Comparison of tobacco import and tobacco control in five countries: lessons learned for Indonesia

Select Language: Indonesia

https://globalizationandhealth.biomedcentral.com/articles/10.1186/s12992-020-00595-y

With a 264 million population and the second highest male smoking prevalence in the world, Indonesia hosted over 60 million smokers in 2018 [1]. This number is increasing as the tobacco consumption prevalence (smoking and chewing) among aged 15+ years remained high at 34% in 2018. The male tobacco consumption prevalence was very high, at 63% in 2018. Among the youth 10–18 years, the smoking prevalence is 9.1% increased by almost 30% during 2013–2018 [2]. All this contributes to the high burden of cardiovascular diseases. The Indonesian Global Burden of Disease study showed ischemic heart disease and stroke as the top two leading causes of death and disability in 2016 [3]. Despite all this, the national tobacco control programs are very limited in Indonesia, partly due to not yet ratifying the Framework Convention on Tobacco Control (FCTC) [4,5,6].

One main argument against comprehensive tobacco control in Indonesia is the welfare and livelihood of tobacco farmers. It is believed that any tobacco control efforts would decrease the amount of tobacco consumed, and local tobacco farmers would be negatively affected. Data shows that the tobacco industry has experienced steady growth over time. Domestic cigarette manufacturing increased by 54% from 222 billion sticks in 2005 to 342 billion sticks in 2016. However, it has been a different story for local farmers. Local tobacco production decreased by 17% from 153,000 tons in 2005 to 127,000 tons in 2016 [7]. These gaps between production and consumption have been filled by imported, usually cheaper, tobacco, which contributes to reducing the welfare of tobacco farmers. Increasing tobacco imports, together with other imports, also hurt economic growth.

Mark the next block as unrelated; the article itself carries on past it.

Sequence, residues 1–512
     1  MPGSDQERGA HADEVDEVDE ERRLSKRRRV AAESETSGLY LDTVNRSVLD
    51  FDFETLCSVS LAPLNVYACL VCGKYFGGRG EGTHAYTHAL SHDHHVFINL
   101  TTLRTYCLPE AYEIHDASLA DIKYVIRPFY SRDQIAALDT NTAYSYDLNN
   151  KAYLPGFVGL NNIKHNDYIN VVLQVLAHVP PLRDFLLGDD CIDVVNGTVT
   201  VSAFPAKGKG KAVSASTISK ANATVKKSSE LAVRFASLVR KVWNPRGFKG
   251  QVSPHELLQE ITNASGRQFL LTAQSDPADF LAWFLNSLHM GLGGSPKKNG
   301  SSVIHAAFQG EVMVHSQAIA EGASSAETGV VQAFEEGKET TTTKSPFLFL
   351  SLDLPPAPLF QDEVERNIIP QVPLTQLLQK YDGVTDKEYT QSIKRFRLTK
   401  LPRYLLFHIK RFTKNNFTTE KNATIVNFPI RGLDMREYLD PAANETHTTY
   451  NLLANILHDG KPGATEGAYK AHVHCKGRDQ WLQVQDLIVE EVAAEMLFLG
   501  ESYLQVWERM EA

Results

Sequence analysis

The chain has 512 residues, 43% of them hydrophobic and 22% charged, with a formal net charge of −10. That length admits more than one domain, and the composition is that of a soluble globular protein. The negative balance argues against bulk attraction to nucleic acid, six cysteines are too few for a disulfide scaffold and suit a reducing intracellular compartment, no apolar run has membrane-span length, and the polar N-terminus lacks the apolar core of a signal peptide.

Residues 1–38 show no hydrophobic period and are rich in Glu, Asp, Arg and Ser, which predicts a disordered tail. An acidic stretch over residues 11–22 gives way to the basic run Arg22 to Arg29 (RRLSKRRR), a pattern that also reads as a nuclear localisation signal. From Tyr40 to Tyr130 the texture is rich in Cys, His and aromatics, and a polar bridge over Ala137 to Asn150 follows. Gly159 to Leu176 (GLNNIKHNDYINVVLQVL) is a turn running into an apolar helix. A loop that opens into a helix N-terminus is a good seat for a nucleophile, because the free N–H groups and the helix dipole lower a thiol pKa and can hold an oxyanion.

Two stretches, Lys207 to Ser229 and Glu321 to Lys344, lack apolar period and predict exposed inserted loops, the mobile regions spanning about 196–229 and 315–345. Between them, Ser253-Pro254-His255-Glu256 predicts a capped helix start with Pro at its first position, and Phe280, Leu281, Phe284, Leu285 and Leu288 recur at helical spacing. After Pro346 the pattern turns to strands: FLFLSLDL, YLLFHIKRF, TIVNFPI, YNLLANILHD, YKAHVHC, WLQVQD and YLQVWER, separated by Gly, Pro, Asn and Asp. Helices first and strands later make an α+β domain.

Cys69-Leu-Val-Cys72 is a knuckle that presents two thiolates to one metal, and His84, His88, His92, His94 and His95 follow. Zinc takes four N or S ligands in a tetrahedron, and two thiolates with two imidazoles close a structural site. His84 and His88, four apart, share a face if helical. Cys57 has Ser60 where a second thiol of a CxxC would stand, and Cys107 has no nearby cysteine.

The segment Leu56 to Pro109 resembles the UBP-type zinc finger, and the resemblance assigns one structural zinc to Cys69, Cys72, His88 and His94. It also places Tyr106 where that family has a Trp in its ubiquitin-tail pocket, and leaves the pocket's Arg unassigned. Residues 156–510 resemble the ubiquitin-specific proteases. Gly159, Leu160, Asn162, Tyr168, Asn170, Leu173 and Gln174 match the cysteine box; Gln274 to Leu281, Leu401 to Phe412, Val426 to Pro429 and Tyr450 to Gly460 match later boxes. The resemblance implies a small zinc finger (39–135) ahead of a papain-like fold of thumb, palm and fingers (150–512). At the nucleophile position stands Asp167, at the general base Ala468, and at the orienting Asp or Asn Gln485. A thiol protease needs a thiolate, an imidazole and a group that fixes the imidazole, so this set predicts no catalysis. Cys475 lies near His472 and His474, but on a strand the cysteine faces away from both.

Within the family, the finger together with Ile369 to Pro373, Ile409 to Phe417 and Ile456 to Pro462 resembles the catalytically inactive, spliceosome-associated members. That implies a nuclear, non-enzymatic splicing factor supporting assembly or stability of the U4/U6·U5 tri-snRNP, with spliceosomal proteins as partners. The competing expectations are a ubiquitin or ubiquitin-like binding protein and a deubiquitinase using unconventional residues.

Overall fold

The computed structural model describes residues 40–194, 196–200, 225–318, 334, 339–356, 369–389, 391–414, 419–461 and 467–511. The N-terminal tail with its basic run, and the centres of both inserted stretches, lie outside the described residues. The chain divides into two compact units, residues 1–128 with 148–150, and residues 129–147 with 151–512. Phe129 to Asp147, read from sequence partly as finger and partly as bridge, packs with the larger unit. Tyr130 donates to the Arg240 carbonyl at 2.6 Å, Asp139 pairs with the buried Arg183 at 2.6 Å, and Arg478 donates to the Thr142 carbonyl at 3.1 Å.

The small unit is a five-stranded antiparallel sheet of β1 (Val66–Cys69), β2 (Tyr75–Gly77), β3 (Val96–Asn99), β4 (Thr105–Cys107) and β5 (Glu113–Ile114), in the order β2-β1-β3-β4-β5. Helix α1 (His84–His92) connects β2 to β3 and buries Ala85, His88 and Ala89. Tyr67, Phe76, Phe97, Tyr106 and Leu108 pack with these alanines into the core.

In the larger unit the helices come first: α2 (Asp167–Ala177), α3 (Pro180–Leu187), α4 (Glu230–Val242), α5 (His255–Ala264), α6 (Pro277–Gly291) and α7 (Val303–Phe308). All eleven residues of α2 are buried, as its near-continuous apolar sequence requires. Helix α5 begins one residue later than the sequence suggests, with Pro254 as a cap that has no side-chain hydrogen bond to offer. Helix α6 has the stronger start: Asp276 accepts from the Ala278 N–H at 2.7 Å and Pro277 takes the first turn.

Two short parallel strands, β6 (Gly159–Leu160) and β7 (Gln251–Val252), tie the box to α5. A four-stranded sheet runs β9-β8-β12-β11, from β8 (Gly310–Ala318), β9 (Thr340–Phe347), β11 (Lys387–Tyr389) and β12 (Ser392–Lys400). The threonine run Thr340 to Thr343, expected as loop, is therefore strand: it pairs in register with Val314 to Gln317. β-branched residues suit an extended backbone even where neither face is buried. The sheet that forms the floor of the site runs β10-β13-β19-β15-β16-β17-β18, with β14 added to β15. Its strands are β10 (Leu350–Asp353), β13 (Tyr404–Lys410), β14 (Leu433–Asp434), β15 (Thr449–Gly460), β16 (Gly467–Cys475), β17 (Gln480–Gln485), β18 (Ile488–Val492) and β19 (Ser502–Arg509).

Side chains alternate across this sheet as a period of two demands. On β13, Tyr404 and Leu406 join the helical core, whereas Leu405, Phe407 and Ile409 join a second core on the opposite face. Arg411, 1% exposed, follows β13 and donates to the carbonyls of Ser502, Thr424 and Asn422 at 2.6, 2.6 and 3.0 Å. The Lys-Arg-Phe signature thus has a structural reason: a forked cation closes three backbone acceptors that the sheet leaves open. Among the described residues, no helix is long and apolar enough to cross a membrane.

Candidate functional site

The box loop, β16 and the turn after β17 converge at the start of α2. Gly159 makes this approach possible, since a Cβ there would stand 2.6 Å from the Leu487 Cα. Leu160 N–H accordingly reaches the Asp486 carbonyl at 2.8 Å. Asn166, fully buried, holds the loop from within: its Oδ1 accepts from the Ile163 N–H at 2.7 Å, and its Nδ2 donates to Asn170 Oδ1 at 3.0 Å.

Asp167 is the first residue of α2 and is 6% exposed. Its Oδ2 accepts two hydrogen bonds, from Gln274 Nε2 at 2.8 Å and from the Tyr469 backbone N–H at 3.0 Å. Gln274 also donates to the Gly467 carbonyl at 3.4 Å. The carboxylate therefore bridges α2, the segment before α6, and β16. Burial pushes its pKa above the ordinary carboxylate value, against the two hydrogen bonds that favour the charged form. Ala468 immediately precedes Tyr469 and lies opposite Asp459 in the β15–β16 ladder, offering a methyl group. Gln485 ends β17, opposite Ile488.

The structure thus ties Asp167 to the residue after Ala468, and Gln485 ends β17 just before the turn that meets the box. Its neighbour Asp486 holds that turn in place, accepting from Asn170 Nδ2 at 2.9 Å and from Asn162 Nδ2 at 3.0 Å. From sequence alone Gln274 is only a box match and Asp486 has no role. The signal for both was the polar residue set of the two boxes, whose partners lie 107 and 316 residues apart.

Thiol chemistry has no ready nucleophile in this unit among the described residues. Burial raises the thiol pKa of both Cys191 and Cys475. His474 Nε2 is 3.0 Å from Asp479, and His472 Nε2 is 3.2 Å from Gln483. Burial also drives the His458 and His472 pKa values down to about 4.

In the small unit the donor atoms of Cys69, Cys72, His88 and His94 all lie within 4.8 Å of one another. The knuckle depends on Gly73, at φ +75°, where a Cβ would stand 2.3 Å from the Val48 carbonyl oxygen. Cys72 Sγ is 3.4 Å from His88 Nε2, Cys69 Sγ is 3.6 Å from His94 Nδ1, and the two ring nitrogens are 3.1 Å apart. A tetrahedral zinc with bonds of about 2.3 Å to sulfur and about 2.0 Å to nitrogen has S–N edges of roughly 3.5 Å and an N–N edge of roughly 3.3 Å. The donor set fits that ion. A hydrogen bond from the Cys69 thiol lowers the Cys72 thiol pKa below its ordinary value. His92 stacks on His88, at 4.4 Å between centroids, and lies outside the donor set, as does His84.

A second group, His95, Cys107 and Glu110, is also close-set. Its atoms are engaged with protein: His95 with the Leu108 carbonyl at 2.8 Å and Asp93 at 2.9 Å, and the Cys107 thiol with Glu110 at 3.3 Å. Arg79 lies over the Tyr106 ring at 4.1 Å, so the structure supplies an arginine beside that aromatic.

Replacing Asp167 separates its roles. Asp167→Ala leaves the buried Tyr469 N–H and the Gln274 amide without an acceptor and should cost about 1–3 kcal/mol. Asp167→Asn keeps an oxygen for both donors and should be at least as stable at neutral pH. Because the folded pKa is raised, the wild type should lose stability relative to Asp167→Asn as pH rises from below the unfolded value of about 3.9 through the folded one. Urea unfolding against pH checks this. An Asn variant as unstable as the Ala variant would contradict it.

Hence, Indonesia experiences the double burden of welfare from increasing tobacco consumption that decreases the public health, and rising tobacco import that reduces the economic growth and farmers’ well-being. As a developing country, Indonesia can learn from other developing countries who has a better situation, lower tobacco consumption, and lower tobacco import. This study aims to analyze the trend of tobacco import, and tobacco consumption of Indonesia compare to four other developing countries and determine what Indonesia can learn from them.

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